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TOP 50 REVIEWERon 18 June 2014
Format: Paperback|Vine Customer Review of Free Product( What's this? )
I have read all three of the Sean Duffy stories to date and they have each been an excellent read. I would say that this one is the best to date which is very encouraging. One thing they are certainly not is the least bit formulaic. I have recently read the latest Lee Child Jack Reacher story and, although good fun, the reader is rather aware that they are reading the same story over and over repackaged. However there is no such repetition in the life of Sean Duffy.

This time round Duffy continues his career habit of offending those in authority and suffers the consequences. His life is in the doldrums until, rather fortuitously he is recruited by MI5 who are in pursuit of a leading IRA figure who went to school with Duffy. Following a sojourn training in Libya, Dermot McCann is now back in Europe and thought to be planning a 'spectacular'. In the course of this investigation Sean becomes involved in a classic 'locked room' cold case mystery which he has to solve if he is to find McCann.

I like Adrian McKinty's style of writing and the Northern Irish setting retains the ring of authenticity which was so evident in the previous books - there are many nice details such as the very accurate description of the well known Crown pub in Belfast. It is certainly not necessary to have read the other books though as this works well as a standalone story. Overall I thoroughly enjoyed this book and would certainly recommend it.
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I'm reading all four Sean Duffy novels back-to-back and loving each one; sadly I read the fourth one first and there are now no more for me in this series but how very, very good they are. In this third one, the writer again mixes high-profile political events of the 1980s with his own appealing fiction. There are traces of James Ellroy in this methodology, because real people have speaking parts - notably the British Prime Minister Margaret Thatcher. She is very much a central figure in the conclusion of this tale.

Duffy is temporarily promoted into Special Branch and given the task of finding IRA bomb-making expert Dermot McCann who escaped from the Maze Prison in Northern Ireland and is thought to be planning a major terrorist attack. Duffy and McCann go way back to school days when McCann was head boy and Duffy the deputy head; since then they have gone in very different directions but Duffy has always felt that he was living in McCann's shadow. In order to find him he is asked to find the killer of a young woman a few years earlier, but only in return for information about McCann's wherabouts. This murder investigation takes up the bulk of the pages and the conclusion is tense, dynamic and vaguely surreal.

It's hard to fault any aspect of this as a piece of crime fiction because it offers everything : A magnetic leading character, a strong story line and a complete absence of padding. There's something to enjoy on every page. I already know that the next in the series Gun Street Girl: Sean Duffy 4 is even better (actually, the best of the lot) and I really hope there will be more to come in the future. McKinty is simply a very good story-teller.
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Format: Paperback|Vine Customer Review of Free Product( What's this? )
I thoroughly enjoyed this police thriller. It has its flaws, but not enough to spoil things for me and if anything I thought it was better than its predecessor, I Hear The Sirens In The Street.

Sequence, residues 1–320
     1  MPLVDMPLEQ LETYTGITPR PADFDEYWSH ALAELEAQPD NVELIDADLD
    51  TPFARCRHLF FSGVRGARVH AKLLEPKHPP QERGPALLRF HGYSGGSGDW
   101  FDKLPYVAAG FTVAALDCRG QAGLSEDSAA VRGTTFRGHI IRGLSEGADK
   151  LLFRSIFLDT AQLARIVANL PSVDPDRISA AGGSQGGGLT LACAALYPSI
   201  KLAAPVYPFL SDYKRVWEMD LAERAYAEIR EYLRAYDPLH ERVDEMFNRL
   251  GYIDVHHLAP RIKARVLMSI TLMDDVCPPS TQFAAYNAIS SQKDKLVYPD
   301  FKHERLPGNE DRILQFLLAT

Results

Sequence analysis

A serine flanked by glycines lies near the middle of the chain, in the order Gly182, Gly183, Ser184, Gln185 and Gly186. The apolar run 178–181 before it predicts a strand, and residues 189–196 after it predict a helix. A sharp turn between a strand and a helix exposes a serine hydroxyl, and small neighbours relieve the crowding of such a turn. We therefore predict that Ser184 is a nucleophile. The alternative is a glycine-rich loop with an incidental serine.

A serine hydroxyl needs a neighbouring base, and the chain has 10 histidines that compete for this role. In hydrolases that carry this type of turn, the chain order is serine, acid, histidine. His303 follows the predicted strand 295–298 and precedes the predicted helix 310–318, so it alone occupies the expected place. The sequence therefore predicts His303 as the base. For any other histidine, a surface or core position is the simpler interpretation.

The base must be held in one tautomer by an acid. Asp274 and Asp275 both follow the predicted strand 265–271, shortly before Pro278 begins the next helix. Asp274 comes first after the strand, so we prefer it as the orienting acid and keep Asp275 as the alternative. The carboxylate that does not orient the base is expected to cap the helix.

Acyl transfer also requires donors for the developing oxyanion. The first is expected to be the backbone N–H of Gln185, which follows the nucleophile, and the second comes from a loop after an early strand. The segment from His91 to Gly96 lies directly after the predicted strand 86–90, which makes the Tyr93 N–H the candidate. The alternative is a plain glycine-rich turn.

Sean Duffy is a Detective Inspector in Northern Ireland in 1984. Or at least he was until insubordination, excessive drinking and so on in the last book caused him to be demoted to sergeant and removed from CID. In this book things get even worse until he's recruited by MI5 to find a terrorist leader with whom he was at school and is back on the force... These are such clichés of the genre that I wouldn't normally bother, but the book is so well written that I didn't mind a bit. Duffy is an engaging if flawed character, he and other are exceptionally convincingly drawn, and the period and place are very well evoked. Dialogue is excellent; it is crisp, believable and pretty accurate for the period (although people do mention "issues" and "closure" which, mercifully, hadn't infested the language by then.)

The plot is beautifully paced and utterly gripping. It has its silly elements, to be honest, including an almost with-a-single-bound-he-was-free Bulldog Drummond-esque escape and dash to prevent National Catastrophe, but I was quite happy to go along with it and stayed up far too late to finish the book. It's an exciting, deceptively well-researched and erudite read, and a very good portrait of a turbulent time and place. Recommended.
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on 2 May 2016
I love all the McKinty/Sean Duffy books. I read one and immediately bought the rest and read them all straight off, one after the other. Only problem was I finished too quickly. I really liked the getting to know Northern Ireland in the Troubles. It seemed like a good understanding of it all, though of course I cannot judge the accuracy, but it convinced me. I liked the jokes and the crossword puzzles and the literary references, and I liked the stories and the main characters. Altogether a winning performance.
I am not writing this out for all the books, but it applies to them all.
I am just about to start on the Dead series. I hope it will be as good.
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In The Morning is a lurid, over the top police procedural set in 1980s Northern Ireland. Our hero, Sean Duffy, has been busted down to sergeant and has been posted to the South Armagh border due to past indiscretions Sean is not happy, despite the helicopter rides.

In a roundabout way - and without giving too much away - Sean Duffy finds himself given one last chance to prove himself. He is put on a mission to find a missing man. This gets him out of Armagh and back knocking on doors of Derry Housing Executive flats and making furtive trips across to Donegal. So far so good. But then Duffy gets involved in investigating a coid case murder of young woman who had been minding a bar on the shores of Lough Neagh near Antrim. Things go a bit Jonathan Creek as Duffy wrestles with a locked room mystery. To be honest, it all feels a bit improbable, and the relation of this plot-ette to the main story is contrived. But it is also a bit of fun.